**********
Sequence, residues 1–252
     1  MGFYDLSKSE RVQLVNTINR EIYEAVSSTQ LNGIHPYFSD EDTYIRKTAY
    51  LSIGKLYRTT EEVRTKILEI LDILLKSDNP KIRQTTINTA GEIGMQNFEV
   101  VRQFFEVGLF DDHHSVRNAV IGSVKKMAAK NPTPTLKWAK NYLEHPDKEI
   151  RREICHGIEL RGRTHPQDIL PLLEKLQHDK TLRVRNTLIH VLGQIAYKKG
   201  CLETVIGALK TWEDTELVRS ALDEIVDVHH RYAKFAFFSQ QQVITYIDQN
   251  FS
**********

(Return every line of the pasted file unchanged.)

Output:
Sequence, residues 1–252
     1  MGFYDLSKSE RVQLVNTINR EIYEAVSSTQ LNGIHPYFSD EDTYIRKTAY
    51  LSIGKLYRTT EEVRTKILEI LDILLKSDNP KIRQTTINTA GEIGMQNFEV
   101  VRQFFEVGLF DDHHSVRNAV IGSVKKMAAK NPTPTLKWAK NYLEHPDKEI
   151  RREICHGIEL RGRTHPQDIL PLLEKLQHDK TLRVRNTLIH VLGQIAYKKG
   201  CLETVIGALK TWEDTELVRS ALDEIVDVHH RYAKFAFFSQ QQVITYIDQN
   251  FS